Background: It is generally believed that differences in age, stroke characteristics, and cardiovascular risk factors account for observed sex-specific differences in stroke survival. Objectives: We aimed to study female stroke survival advantage before and after the average age of menopause, and whether female survival advantage applies only to patients for whom stroke is the most likely cause of death. Methods: The Danish National Indicator Project, a registry designed to list all hospitalized stroke patients in Denmark beginning in March 2001, had 40,155 registered patients as of February 2007. All registered patients had undergone evaluation including stroke severity (as measured by the Scandinavian Stroke Scale [SSS], using a total score of 058, in which lower scores indicate more severe strokes), computed tomography, and cardiovascular risk factors. Patients were followed from admission until death or censoring. Case fatality (stratified by 1 week, 1 month, 3 months, and 1 year) in men and women was correlated with age and stroke severity. Adjustment for cardiovascular risk factors was performed by means of multivariate regression analysis. Results: A total of 20,854 (51.9%) men and 19,301 (48.1%) women were registered. Women were significantly older than men at the time of stroke (74.5 vs 69.7 years, respectively; P < 0.001) and had signficantly more severe strokes, as expressed by the mean SSS score (39.6 vs 43.3; P < 0.001). Stratification of 1-week to 1-year case fatality according to age and stroke severity indicated that women survived significantly better than men from the mid-fifties onward, when controlling for age, stroke severity, and cardiovascular risk factor profile. The observed female survival advantage increased with age. The female survival advantage was seen in patients with severe as well as mild strokes, but not in those younger than age 50 years. Conclusions: Our findings dispute the effects of female sex hormones as the underlying cause of female survival superiority over men. Instead, we propose the hypothesis that the progressive deficiency of male sex hormones (testosterone), beginning in men in middle age, is the underlying cause of the gap in survival rates between men and women. Accordingly, the female survival advantage is rooted in male inferiority rather than innate female superiority. © 2010 Excerpta Medica Inc.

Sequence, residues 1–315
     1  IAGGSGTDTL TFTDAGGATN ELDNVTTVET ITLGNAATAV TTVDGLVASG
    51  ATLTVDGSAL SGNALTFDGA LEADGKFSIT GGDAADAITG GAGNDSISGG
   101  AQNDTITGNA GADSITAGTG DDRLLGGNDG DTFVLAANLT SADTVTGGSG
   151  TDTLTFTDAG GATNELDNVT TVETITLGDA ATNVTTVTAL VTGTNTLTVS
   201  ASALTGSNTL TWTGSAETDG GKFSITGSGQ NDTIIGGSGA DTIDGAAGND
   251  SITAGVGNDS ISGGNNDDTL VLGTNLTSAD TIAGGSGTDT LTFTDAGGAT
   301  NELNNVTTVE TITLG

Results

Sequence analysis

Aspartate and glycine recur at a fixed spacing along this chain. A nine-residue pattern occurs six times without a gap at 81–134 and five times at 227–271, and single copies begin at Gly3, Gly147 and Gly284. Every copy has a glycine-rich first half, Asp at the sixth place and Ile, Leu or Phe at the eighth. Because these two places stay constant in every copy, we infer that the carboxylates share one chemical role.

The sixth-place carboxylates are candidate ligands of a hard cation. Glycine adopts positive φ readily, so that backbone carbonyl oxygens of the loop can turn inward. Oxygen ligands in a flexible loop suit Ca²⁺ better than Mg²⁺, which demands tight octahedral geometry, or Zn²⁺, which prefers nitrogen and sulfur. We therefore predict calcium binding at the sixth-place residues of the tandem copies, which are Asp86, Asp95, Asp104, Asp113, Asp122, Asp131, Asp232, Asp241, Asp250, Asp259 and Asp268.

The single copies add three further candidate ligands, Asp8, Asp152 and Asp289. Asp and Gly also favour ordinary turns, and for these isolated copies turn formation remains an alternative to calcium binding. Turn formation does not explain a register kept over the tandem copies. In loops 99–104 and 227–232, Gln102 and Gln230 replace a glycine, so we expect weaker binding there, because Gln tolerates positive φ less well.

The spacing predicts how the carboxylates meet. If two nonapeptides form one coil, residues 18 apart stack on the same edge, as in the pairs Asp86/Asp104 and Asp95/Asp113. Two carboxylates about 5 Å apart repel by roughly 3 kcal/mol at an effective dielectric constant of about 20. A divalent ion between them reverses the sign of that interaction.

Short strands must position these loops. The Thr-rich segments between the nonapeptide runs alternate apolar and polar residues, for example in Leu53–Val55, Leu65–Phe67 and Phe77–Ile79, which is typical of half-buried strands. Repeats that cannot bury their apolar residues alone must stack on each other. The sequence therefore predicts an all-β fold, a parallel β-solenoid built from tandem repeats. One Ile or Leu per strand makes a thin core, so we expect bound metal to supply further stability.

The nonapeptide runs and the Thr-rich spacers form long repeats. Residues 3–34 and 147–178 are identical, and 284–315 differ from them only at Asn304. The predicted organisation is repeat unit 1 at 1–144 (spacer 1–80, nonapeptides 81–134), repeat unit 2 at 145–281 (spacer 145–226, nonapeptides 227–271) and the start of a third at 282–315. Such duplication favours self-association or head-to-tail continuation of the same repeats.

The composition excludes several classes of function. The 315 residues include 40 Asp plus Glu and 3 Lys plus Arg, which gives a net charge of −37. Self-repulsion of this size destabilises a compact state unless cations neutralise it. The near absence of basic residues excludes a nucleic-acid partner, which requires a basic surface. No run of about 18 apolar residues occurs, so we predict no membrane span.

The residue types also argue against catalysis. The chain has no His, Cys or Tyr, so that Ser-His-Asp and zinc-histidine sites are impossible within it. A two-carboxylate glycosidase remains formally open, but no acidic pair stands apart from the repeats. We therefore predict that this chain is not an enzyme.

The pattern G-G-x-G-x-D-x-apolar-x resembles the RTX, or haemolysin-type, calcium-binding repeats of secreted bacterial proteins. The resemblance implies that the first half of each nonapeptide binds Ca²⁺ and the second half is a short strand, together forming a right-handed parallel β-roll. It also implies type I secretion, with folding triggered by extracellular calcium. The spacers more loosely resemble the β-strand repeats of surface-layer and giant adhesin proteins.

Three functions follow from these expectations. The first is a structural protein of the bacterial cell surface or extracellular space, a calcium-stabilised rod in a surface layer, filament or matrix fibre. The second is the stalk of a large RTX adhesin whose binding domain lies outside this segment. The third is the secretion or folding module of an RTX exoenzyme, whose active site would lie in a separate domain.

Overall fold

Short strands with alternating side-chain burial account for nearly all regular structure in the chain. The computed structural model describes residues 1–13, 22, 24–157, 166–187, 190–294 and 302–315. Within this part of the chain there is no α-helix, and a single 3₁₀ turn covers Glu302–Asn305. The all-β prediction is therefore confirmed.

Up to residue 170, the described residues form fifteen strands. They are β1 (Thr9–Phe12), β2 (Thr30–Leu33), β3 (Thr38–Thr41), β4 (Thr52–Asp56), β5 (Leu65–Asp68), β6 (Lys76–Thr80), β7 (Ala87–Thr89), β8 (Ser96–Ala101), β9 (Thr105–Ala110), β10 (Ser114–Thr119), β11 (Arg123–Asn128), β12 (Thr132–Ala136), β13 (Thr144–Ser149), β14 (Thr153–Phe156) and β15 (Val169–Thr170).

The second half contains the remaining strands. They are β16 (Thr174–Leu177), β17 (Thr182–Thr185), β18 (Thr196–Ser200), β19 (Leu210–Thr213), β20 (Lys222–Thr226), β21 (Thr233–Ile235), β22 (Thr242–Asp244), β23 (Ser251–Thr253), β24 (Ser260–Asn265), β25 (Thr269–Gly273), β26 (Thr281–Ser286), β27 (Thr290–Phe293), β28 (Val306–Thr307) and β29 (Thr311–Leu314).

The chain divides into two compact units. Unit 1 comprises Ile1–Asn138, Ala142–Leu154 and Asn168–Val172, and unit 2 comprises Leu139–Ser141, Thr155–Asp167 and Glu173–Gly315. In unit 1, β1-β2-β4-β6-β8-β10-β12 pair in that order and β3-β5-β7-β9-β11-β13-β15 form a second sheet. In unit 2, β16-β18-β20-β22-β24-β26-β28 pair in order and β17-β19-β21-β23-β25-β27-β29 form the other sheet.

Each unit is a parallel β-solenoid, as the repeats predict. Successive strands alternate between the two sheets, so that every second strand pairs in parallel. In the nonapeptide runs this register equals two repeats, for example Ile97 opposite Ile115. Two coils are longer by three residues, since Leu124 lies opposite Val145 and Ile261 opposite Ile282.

Andersen K.K.,Technical University of Denmark | Olsen T.S.,Frederiksberg Hospital
Journal of Stroke and Cerebrovascular Diseases | Year: 2011

We studied the association of stroke severity with survival from 1 month to 10 years after stroke and explored how stroke severity interacts with other prognostic indicators with time. The study is based on 999 stroke patients from the community-based Copenhagen Stroke Study (mean age, 74.3 ± 11.0 years; 56% women; mean Scandinavian Stroke Scale [SSS], 38.0 ± 17.4). Evaluation included stroke severity (based on the SSS), computed tomography scan, and a cardiovascular risk profile. Using logistic regression models, we examined the relevance of the SSS on mortality at 1 month and 1, 5, and 10 years. We analyzed the proportion of the variation explained by the models and bias of risk factors estimates with and without the SSS in the model. Mortality rate was 16.6% at 1 month, 31.5% at 1 year, 60.2% at 5 years, and 81.3% at 10 years. In models including the SSS, 22.4%, 20.9%, 32.8%, and 39.5% of the variance was explained for the endpoints of 1 month, 1 year, 5 years, and 10 years, respectively. When SSS was left out of the model, the corresponding values were 6.9%, 13.3%, 29.0%, and 35.1%. Factors significantly associated with survival were SSS at 1 month; SSS, age, diabetes, and stroke type at 1 year; SSS, age, sex, previous stroke, other complicating diseases, diabetes, smoking, and atrial fibrillation at 5 years; and SSS, age, sex, other complicating diseases, and diabetes at 10 years. Our data suggest that stroke severity is significantly associated with short-term and long-term survival. It is the all-important predictor of short-term survival, whereas it is of less importance in predicting long-term survival. © 2011 by National Stroke Association.

Amris K.,Frederiksberg Hospital | Jespersen A.,Frederiksberg Hospital | Bliddal H.,Frederiksberg Hospital
Pain | Year: 2010

Widespread pain and pain hypersensitivity are the hallmark of fibromyalgia, a complex pain condition linked to central sensitization. In this study the painDETECT questionnaire (PDQ), validated to identify neuropathic pain and based on pain quality items, was applied in a cross-sectional sample of patients with chronic widespread pain (CWP). The aims of the study were to assess the patient-reported sensory neuropathic symptoms by PDQ and to correlate these with tender point (TP) count and pressure-pain thresholds. Eighty-one patients (75 F, 6 M) with CWP (ACR-criteria) filled in the PDQ. Manual TP examination was conducted according to ACR guidelines. Computerized cuff pressure algometry was used for the assessment of pressure-pain detection thresholds (PDT, unit: kPa) and pressure-pain tolerance thresholds (PTT, unit: kPa). Mean TP count was 14.32 (range: 2-18), mean PDQ score 22.75 (range: 5-37). Mean PDT was 8.8 kPa (range: 2-36) and mean PTT 30.9 kPa (range: 4-85). Deep-tissue hyperalgesia was the predominant somatosensory symptom reported in 83%, but other neuropathic symptoms were also frequent, e.g. burning 51% and prickling 47%. Statistically significant correlations were found between PDQ score and TP count: r = 0.35 (p < 0.01), and PDQ score and PDT: r = 0.45 (p < 0.01), and PTT: r = 0.43 (p < 0.01). The study indicates that pain in CWP has neuropathic features, and that the presence and number of tender points are associated with neuropathic pain symptoms. A high mean PDQ score was found to correlate with TP count and pressure-pain thresholds. The PDQ may become a useful tool assisting in the identification of central sensitization in patients with CWP and in the future diagnostic assessment fibromyalgia. © 2010 International Association for the Study of Pain. Published by Elsevier B.V. All rights reserved.